It was only Tuesday here in America that a nation staggering from a years of a high unemployment -- with a crisis of governmental gridlock looming -- stopped to absorb every detail of a lurid Florida murder case -- and that shouldn't surprise anyone: It's as easy to get emotionally wrenched by the death of an adorable 2-year-old and the flaunting of bad motherhood as it's hard to wrap yourself around the true meaning of $14 trillion, or understand why there are no new jobs in America anymore.

Viewers prefer human dramas involving total strangers over the ideological debates that affect our actual lives; likewise, journalists crave these simpler morality plays of good and evil -- where the facts are smaller yet objectively provable or disprovable -- over the ever-so-complicated big picture. In American politics, we saw a president impeached for lying about an extramarital affair of no national import, while no punishment even close to that was seriously discussed for his successor who invaded a sovereign nation under false pretenses, leading to the deaths of tens of thousands of people.

And so now it's the simple memory of a slain Brtitish teenaged girl -- with the added shock that family members of casualties in that Iraq War and in Afghanistan were also phone-hacked, and reports of police officers taking bribes from journalists -- that brings the world's largest media empire to the edge of the abyss.

Right now, there's still a big disconnect between the uproar over the Murdoch empire in Great Britain -- salacious, tabloid-style crimes committed by tabloid journalists -- and closer scrutiny of the press baron's operation in the United States, which in addition to the highly profitable Fox television network also includes the politically influential Fox News Channel, the Wall Street Journal, and the New York Post among its outlets.

I Would Argue There's No Disconnect At All.

There are important differences but also key similarities between the way that Murdoch -- an Australian by birth who amassed a lot of a fortune first in the UK and finally in America, where he is now a citizen -- does business on either side of the Atlantic. The common denominator is a seamless rinse-repeat cycle of using his media power to gain political influence and then using that influence to gain greater wealth. In England, the dirty tricks and apparent lawbreaking of The News of the World helped Murdoch on the wealth side by selling lots of newspapers with scoops about racy murders and celebrity gossip -- but it's less clear how that pseudo-journalism mucked up the nation's broader politics.

In the U.S. of A., it's a different story, and it cannot be understated. Here, Murdoch's sins were less sensational -- but more important, arguably a matter of life and death on some stories. With his most audacious move, the invention of the Fox News Channel, Murdoch and his minions created a vortex of misinformation and emotion draped in an American flag that changed a nation's politics for the worse. That affects a lot more people than phone hacking, no matter how heartless that was.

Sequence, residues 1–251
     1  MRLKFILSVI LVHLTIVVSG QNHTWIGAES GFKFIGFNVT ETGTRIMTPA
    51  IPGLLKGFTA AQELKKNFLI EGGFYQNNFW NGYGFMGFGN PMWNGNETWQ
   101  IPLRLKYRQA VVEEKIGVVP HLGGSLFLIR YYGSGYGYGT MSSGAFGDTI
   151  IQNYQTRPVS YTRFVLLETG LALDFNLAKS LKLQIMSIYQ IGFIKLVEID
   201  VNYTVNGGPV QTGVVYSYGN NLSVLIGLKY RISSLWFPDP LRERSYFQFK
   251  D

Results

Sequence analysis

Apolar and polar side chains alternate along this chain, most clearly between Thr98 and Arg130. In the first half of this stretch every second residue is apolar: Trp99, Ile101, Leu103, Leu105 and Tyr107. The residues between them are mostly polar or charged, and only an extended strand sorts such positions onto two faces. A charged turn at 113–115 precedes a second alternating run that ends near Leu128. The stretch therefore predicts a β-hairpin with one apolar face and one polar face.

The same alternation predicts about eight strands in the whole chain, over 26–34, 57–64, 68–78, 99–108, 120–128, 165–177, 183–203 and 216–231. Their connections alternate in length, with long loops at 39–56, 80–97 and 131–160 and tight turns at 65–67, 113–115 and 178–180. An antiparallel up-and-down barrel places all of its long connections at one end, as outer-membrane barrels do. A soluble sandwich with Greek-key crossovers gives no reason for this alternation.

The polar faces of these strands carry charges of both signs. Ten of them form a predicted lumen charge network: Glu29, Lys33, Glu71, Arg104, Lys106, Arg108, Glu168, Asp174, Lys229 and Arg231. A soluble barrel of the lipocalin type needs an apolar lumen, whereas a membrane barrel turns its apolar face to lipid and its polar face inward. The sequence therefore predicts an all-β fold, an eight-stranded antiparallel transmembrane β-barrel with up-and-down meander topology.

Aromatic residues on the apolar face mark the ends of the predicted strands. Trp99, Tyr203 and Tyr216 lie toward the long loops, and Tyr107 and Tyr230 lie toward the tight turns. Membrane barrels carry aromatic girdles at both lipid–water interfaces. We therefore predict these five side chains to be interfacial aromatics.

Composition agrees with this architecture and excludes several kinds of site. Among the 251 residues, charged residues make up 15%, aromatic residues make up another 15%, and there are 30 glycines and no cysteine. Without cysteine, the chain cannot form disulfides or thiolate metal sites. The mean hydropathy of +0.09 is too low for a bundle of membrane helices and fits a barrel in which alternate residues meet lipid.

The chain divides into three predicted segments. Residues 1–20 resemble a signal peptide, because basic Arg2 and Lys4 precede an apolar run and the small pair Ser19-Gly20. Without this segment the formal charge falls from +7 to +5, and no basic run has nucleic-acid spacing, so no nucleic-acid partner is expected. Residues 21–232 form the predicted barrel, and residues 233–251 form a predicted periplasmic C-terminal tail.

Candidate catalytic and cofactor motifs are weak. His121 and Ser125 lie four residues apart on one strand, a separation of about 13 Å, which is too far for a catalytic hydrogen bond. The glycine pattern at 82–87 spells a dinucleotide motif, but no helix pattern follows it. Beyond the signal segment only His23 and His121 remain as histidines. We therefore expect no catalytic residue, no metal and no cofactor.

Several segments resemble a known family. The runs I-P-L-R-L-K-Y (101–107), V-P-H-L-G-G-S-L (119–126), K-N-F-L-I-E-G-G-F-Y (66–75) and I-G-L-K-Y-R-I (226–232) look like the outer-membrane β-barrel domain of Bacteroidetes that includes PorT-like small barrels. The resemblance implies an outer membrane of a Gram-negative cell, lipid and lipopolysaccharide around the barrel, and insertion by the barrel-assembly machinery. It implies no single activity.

Murdoch had help from brilliant, cynical aides on both sides of the pond. In England, it was the massively ethically challenged, wild-eyed redhead Rebekah Brooks; in America, it is the frumpy and grumpy Roger Ailes, the only man to run the Fox News Channel since it was launched in the mid-1990s. As recent documents have shown, Ailes -- who learned the American conservative politics of middle-class resentment at the foot of the master, Richard Nixon -- was long involved in a scheme for a conservative TV counterweight to the so-called "liberal media." But it took the arrival of Murdoch years later to execute the plan with the vision that a conservative cable news network could make millions in profits while wielding influence on a scale that a "Headless Body in Topless Bar" newspaper could only dream of.

But Ailes and Murdoch -- with a typical disregard for the consequences -- created a monster as their FNC grew in popularity over the course of the 2000s. They held onto to their millions of viewers by playing to their emotions, and to what they felt was true about America -- regardless of whether it was actually true. Over the years, misinformed Fox viewers wielded more and more clout over a directionless Republican Party that in turn drove the U.S. body politic, with disastrous consequences.

You Want Examples?

Iraq and the war on terrorism: America's misguided "pre-emptive war" in the oil-rich Persian Gulf would not have been possible unless the 9/11 attacks and a response to terrorism became conflated with Saddam Hussein's Iraq, which for all its horrors had nothing to do with the assault on the World Trade Center and the Pentagon. The Fox News Channel, and its parade of GOP-talking-point infused hosts and military "experts," helped to make sure that wrongful conflation took place, as later evidence proved.